On one occasion early in his career, in the 320s BC, when his hopes of political power in Syracuse had been seemingly dashed, Agathocles raised an army of discontented Sicels with the intention of seizing the city with violent force. Finding that a large Carthaginian army was blocking his path, Agathocles used his considerable talent for diplomacy with the Carthaginian commander, Hamilcar. Learning that Hamilcar had ambitions of seizing autocratic power in Carthage, Agathocles agreed a secret arrangement with him whereby the Carthaginian army would stand aside so that he could take Syracuse, in exchange for which he would help the general in any future attempt to seize power in his home city. Indeed, Hamilcar went even further in his cooperation with Agathocles, by supplying him with 5,000 troops to assist in the massacre of his political opponents in Syracuse. A peace treaty was then agreed that appeared to be immensely favourable towards Agathocles, even though he was hardly in a strong position. Under its terms, the eastern Sicilian cities were compelled to acknowledge Syracusan suzerainty, while the Carthaginians gained nothing aside from confirmation of the territory that they had already held before the conflict. The situation was made even worse by Hamilcar’s appearing to turn a blind eye to Agathocles’ continued harassment of Carthage’s Sicilian allies.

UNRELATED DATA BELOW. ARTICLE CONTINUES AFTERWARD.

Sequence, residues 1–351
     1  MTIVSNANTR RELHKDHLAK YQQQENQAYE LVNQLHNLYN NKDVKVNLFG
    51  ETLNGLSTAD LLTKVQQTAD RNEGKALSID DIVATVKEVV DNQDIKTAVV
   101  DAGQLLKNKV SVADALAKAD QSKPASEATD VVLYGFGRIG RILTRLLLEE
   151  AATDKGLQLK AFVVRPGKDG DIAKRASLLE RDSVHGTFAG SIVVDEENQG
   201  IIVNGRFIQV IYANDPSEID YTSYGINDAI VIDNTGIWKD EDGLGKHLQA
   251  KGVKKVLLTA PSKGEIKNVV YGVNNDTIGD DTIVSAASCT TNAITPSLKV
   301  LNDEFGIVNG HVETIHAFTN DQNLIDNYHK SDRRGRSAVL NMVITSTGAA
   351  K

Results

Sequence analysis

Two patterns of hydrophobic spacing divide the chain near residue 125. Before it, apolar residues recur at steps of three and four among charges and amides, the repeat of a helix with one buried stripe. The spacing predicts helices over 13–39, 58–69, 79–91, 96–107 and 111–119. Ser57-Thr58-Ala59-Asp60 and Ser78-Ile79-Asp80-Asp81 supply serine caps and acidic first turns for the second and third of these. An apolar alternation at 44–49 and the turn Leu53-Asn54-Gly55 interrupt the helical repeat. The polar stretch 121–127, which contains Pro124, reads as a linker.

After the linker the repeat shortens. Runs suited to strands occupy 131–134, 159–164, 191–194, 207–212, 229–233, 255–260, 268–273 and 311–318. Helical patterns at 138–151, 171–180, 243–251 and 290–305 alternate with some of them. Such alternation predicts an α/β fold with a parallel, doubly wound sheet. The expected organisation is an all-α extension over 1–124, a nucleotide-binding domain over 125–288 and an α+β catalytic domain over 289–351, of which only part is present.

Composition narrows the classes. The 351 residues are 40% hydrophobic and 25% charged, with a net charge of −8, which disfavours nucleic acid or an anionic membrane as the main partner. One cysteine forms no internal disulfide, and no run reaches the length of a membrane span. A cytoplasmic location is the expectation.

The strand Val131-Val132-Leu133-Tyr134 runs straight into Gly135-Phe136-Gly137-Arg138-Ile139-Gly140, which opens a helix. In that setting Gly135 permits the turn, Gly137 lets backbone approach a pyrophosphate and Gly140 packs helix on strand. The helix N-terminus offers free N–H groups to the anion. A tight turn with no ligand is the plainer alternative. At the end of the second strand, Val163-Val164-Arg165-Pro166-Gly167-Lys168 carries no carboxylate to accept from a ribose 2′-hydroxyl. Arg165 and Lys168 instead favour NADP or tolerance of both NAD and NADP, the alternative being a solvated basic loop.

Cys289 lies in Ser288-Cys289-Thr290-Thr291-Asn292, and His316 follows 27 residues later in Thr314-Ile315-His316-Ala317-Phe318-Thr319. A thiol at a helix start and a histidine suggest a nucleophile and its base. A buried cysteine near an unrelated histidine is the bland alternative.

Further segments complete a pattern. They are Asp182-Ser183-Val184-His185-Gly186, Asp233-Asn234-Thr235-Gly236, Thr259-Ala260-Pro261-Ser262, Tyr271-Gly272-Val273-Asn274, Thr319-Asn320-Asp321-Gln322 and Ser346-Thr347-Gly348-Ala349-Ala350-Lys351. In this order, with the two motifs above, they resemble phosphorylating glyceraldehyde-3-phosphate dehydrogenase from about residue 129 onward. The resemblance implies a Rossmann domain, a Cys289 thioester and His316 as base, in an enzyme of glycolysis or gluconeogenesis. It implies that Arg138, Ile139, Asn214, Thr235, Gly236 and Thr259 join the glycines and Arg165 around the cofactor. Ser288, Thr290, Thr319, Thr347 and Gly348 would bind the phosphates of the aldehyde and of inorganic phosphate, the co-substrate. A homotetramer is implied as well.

The Greek and Roman sources which record this pact suggest that the crafty Agathocles duped Hamilcar. A more realistic explanation may be that continued violence and instability in Sicily was in the interests of both the Carthaginian army and Agathocles. The instability was an indication both of the lack of control that Carthage had over its army and of the level of collusion between its forces in Sicily and its Syracusan foes. The reaction of the Carthaginian Council is revealing. Rather than recalling Hamilcar and openly confronting him with his treachery, the Council voted on the matter but suppressed their judgement until such time as they felt confident to act against him. The Carthaginian army in Sicily was beginning to act as a semiautonomous force, and its supposed masters in Carthage had little power to control it.